10 Reasons Why The Classic Jeep Wagoneer SJ Was Cooler Than You Think
The classic Jeep Wagoneer SJ may not have been built competing with luxury Land Rover and Cadillac SUVs we have today, but it set a path to follow.
Jeep has always been on the top of the pile in the world of offroading and 4x4ing. Long before the rest of the world knew they wanted something as awesome as four-wheel drive, Jeep was providing it to the military and for the few that enjoyed traveling to places that no one else would even think of trying to get to. The Jeep Wagoneer SJ was one of those model lines that simply filled the public's demand, offering a roomy vehicle that could be packed full of necessities and family members.
Today, the 2022 Jeep Grand Wagoneer is still at the top of the pile, competing head-to-head with luxury SUVs such as the BMW X7, the Mercedes-Benz GLS class, and the Cadillac Escalade, but the classic Jeep Wagoneer and the Jeep Grand Wagoneer is the one that made itself a household name. It paved the way for the rest of the world to follow, making it the parent of all the rest of the luxury SUV models that flood the market today. Let's jump right into the Jeep Wagoneer and see why it was so much cooler than you think.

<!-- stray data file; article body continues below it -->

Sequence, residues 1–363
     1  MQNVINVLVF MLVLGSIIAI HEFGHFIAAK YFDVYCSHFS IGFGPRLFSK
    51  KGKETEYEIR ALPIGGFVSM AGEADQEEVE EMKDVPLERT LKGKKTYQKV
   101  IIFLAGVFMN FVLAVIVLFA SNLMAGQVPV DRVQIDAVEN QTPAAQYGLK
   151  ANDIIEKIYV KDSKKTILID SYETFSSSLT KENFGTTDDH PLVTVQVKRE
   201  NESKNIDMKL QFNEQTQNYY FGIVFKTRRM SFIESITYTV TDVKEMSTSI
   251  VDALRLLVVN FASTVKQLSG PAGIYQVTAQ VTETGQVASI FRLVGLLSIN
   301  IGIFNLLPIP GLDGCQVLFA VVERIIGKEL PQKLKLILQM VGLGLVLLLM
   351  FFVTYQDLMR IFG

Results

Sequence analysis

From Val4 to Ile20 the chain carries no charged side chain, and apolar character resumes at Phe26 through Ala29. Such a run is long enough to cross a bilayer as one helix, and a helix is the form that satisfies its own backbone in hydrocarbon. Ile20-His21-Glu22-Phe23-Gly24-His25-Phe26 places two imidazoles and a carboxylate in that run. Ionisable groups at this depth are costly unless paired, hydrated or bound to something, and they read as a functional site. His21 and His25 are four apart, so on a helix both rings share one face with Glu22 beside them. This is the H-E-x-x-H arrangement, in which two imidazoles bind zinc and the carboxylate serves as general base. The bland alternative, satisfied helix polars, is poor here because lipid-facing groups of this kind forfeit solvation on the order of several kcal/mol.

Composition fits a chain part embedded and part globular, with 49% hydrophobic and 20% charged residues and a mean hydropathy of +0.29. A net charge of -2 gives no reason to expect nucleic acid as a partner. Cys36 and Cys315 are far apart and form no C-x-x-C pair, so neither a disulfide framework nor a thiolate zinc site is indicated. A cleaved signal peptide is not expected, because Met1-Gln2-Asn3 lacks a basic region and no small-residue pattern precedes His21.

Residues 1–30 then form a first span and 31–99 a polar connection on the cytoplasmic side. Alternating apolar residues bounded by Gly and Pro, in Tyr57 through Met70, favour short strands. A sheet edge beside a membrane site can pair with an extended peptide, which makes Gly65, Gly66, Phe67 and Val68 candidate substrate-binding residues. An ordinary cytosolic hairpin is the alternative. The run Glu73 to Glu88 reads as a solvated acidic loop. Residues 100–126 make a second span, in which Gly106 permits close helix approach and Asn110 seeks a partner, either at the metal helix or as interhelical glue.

Not until 1974 was the term SUV (Sport Utility Vehicle) used on a vehicle. Unsurprisingly, it first appeared as a designation for the Jeep Cherokee SJ, the Wagoneer's smaller sibling. When the design team of the first classic Jeep Wagoneer SJ introduced the vehicle to the market, they called it a station wagon. A station wagon designed to maximize room, comfort, and power while still offering a way to travel in any weather, over any terrain. For all intents and purposes, the Wagoneer SJ was a first-of-its-kind SUV, but since that terminology had not even been made up yet, it was a Jeep-produced wagon with some major off-road prowess.